gen z

Over the past year, Gen Z workers have made headlines for partaking in Bare Minimum Mondays, being quiet quitters, and taking advantage of remote work. So, it’s not hard to assume they’d also be the generation that takes the most PTO, but that’s not the case. Only 58 percent of Gen Zers planned to take a vacation this summer, lower than the national U.S. average of 62 percent, according to the latest edition of LinkedIn’s Workforce Confidence Index.

Could this generation’s tendency to quit quietly lead to a more manageable work-life balance? Have they mastered setting work-life boundaries to the extent that they simply don’t feel burnt out and need more extended vacations? The reality is that there are countless contributing factors: for starters, guilt. The report showed that Gen Z feels the most guilty for not working while on vacation and the most likely not to take vacation due to the state of the economy.

Meanwhile, many feel pressure to get rid of the reputation that they’re disengaged and feel they have to prove themselves otherwise. Shayla Colon, a Gen Z reporter at asset management publication Fundfire, said she’s only used vacation time once this year for a trip she planned last year. She said, “I often feel guilty about taking PTO. My vacation this year ended up only being five days because I wanted to get back to work, and I was anxious about leaving.”

However, there’s more to it than guilt. Gen Z workers are taking advantage of flexible and remote work, which sometimes allows people to run more errands during the day or log off at 5 p.m. to get started on their post-workday plans early. They’re not overdoing it at work, which causes significant stress or fatigue. That’s not to say they’re not working, but they have a different approach to prior generations, who are more likely to take on too much, work overtime, and need a vacation. The last time Samantha took PTO was in April. She’s an editor for a publication in upstate New York.

She said, “I feel like there’s this laissez-faire way of working in the summer, where as long as you get your work done, you can go enjoy some Vitamin D. I don’t like taking PTO in the summer because I know that I am enjoying my work-life balance. I’d rather do it when it’s colder or when things are busier. You almost feel like you have PTO during the week.”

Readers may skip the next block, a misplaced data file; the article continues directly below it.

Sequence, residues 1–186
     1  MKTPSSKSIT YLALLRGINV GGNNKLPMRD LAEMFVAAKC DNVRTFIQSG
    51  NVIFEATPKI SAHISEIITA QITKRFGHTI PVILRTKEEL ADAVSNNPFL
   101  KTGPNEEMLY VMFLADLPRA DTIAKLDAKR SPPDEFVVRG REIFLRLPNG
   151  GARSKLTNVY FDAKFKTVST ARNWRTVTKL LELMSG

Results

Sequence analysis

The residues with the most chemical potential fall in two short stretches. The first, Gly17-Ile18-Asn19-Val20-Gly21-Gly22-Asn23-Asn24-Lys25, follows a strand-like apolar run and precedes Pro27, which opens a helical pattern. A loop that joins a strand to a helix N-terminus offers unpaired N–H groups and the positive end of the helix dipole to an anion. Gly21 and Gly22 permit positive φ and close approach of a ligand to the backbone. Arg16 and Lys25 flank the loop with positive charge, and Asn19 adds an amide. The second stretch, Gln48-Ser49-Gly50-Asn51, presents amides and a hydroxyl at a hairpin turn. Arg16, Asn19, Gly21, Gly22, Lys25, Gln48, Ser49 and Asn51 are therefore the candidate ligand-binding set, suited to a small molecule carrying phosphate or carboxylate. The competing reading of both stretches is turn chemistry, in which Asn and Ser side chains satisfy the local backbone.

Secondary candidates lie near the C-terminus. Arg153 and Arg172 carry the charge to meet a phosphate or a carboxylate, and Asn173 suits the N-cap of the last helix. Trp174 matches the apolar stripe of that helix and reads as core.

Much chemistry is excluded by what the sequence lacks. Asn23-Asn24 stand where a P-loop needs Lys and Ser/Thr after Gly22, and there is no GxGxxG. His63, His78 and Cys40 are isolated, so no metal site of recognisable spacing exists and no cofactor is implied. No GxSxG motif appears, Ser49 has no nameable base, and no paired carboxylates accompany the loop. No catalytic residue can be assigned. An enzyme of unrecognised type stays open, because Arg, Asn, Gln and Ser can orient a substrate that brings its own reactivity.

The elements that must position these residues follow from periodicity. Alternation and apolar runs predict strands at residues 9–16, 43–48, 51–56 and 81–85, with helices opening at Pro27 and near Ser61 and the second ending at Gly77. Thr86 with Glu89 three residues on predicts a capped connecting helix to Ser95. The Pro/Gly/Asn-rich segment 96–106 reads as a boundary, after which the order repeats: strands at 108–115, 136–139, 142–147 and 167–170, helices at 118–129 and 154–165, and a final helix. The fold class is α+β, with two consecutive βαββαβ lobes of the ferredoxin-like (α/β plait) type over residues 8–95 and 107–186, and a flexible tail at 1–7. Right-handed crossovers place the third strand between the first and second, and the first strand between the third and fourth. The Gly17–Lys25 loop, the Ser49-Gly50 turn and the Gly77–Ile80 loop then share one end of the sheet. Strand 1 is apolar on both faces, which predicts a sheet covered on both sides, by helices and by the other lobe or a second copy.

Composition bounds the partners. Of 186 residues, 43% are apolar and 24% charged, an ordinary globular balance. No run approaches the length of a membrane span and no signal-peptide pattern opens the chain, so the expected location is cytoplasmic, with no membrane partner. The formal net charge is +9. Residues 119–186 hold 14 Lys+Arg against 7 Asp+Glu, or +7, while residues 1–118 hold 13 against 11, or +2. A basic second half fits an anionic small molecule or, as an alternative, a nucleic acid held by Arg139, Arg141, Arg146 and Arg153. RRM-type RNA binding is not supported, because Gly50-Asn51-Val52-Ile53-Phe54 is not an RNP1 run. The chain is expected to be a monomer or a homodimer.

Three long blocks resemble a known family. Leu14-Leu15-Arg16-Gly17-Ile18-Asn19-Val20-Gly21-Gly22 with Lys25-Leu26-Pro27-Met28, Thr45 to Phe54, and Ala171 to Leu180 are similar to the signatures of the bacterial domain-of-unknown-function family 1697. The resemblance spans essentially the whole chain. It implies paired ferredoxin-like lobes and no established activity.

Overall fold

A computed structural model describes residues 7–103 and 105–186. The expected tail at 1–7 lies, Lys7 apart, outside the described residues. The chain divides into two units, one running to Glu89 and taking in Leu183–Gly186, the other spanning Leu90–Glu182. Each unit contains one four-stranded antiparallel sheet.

Samantha continued, “If you’ve mastered how to give yourself a break, or wake up earlier and end by 3 p.m. or 4 p.m., or do work at night if you’re not feeling productive during the day, you are able to create your own schedule, especially being remote. I’ve found that giving myself time to read or catch up on a show is a part of my day to relax while I’m still working. I don’t need random PTO days because I’m taking care of myself during the week.”

There’s still pushback on that Gen Z mentality in the workplace, although they don’t let it impact them. “Older generations are more inclined to follow the hours more clearly,” said Cassidy Speller, a curriculum designer for an education company. “Younger generations say, ‘yes, I know this is a 9 to 5 job, but if I can do my job from 10 to 6, or 7 to 3, and get out early and drive to the beach, then I’m going to do that.’ It’s getting done, but not in the exact way they want.”

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